American Collections blog

5 posts from August 2021

24 August 2021

Follow up: Important information for email subscribers

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12 August 2021

Americas blog email subscription service ending - Please follow us on Twitter for updates

Unfortunately, the third-party platform that the British Library uses for email notifications for our blogs is making changes to its infrastructure. This means that from mid-August 2021 it will no longer send notifications by email to subscribers. To find out when new posts are published we recommend following us on Twitter (@BL_Americas) and (@BL_Eccles) or checking the blogs page on the BL website, where you can also find out the latest from our other departmental blogs. 

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06 August 2021

Two Conflicting Pioneers and their Precursors in the Amazon

This blog by Pola Oloixarac is part of a special Summer Scholars blog series highlighting recent research across the British Library's Americas collections by scholars and creatives associated with the Eccles Centre, including those supported by the Centre's Awards.

Travel has changed a lot since the early naturalists voyaged through the Amazonia, and it continues to change today thanks to Covid restrictions. While I’ve been unable to foray in person into the archives of the British Library as I was hoping - summer, London, arcane tomes - I’ve had the luck of encountering the mighty digital explorer, Dr Aleksandra Kaye. Dr Kaye knows her way around the British Library’s vast digital  archives and like any sensible 19th century naturalist seeking help from a guide, I secured her expertise in unearthing their intricate holdings.
 
In the first written accounts of the Amazon, the anthropological gaze is under-developed. Though entranced by the power of landscape, the earliest naturalists typically didn’t consider the human culture they encountered. The richness of the human Amazonian world typically escape their notice. Indeed, where Amazonian people are referenced, early accounts by European naturalists are explicitly racist. One explorer, however, who did take some account of indigenous people was the French painter Hercules Florence, although how he saw them was problematic. He travelled to the Amazon from 1825 to 1829 and ended up spending his life in Brazil.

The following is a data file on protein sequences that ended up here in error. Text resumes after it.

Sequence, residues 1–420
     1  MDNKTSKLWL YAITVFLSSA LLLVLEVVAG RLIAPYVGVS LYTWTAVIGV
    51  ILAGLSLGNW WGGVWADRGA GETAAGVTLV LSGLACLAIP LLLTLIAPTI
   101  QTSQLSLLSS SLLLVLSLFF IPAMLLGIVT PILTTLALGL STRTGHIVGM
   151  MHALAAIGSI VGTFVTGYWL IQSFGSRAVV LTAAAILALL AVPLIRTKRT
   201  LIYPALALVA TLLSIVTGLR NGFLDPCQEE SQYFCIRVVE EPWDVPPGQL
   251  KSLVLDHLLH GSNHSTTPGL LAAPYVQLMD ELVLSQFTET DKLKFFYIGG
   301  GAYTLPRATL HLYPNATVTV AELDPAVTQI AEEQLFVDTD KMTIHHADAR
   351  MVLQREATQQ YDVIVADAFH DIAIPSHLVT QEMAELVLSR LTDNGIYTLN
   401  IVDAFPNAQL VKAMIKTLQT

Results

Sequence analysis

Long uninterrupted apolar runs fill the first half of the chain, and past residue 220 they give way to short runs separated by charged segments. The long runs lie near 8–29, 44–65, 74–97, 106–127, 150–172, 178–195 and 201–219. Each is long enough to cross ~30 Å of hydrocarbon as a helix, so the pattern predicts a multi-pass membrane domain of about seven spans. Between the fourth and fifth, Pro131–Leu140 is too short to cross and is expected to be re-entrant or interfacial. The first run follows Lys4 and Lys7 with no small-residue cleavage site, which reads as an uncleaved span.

What excited Florence was undiscovered places and he was uninterested in indigenous village life. He remarked in his diary that the jungle is repetitive and that, "to see a Brazilian village, is to see them all"1. He became obsessed with capturing the unchartered territory and capturing it through sound and image with pioneering technology. Florence experimented making photographs in Brazil in 1833 and wanted to record the sounds of what surrounded him. This led him to devise a method to record wild bird song in the Amazon. While looking for a way to record sound, he stumbled into photography. Indeed, while trying to publicise his experiments in sound recording he managed to devise the first printing machine in Sao Paulo.

In the first page of his diary he mentions the expedition slaves, noting that all humans become the same bundle of flesh under the severity of the Amazonian environment. When the expedition’s commander, Gregory Langsdorff (Fig. 1, below) succumbs to yellow fever, Florence notes that illness made no distinction about social class in the context of the Amazon.

A  slightly side-on black and white image of G.H. Langsdorff.
Fig. 1: G. H. von Langsdorff, Voyages and Travels in Various Parts of the World… London: printed for Henry Colburn, 1813. British Library shelfmark: Mic.F.232 [no. 38483]. Image courtesy University of Alberta, due to Covid restrictions.

Langsdorff claimed to be the first to attempt the fluvial crossing of Brazil, from Pantanal to Belum. Until now it was believed that the first trip was in 1825 but Dr Kaye’s research has revealed a precursor: there was a previous trip funded by the Imperial Russian court and led by Adam Johan Krussertern in which Langsdorff took part. Before his trip with Florence in 1825, Langsdorff had added himself hastily and at his own expense to the Krussertern expedition as a second naturalist (the first was Wilhm Gottlieb Tilesius). Langsdorff, therefore, went into the Amazon at least two times, around 1803-1807.  These earlier expeditions could explain why the subsequent Langsdorff trip a few decades later was hardly noticed by the very Russians who funded it, considering it, perhaps, redundant. Indeed, the reports of the Langsdorff investigation languished in St Petersburg for over a century largely undiscovered.

Langsdorff’s story is a reminder of how much these exploratory naturalist expeditions had in common with modern filmmaking. Langsdorff had, in effect, been to the Amazon first as a location scout (1803-1807), but his vision of the Amazon and the legacy of his expedition could not exist without artists to document the trip. For his 1825-1829 expedition - the one that would make him famous - Langsdorff only wanted the very best artists. He hired Johan Moritz Rugendas, but their relationship faltered when the Prussian commander sought to take ownership of the artist’s original works. Rugendas, however, was aware of his own worth as an artist and would not bow to Langsdorff. The Brazilian diaries of both Rugendas and Langsdorff paint the latter in a negative light: Langsdorff was controlling and wanted Rugendas to assign him copyright, but the artist resisted and ultimately deserted the expedition.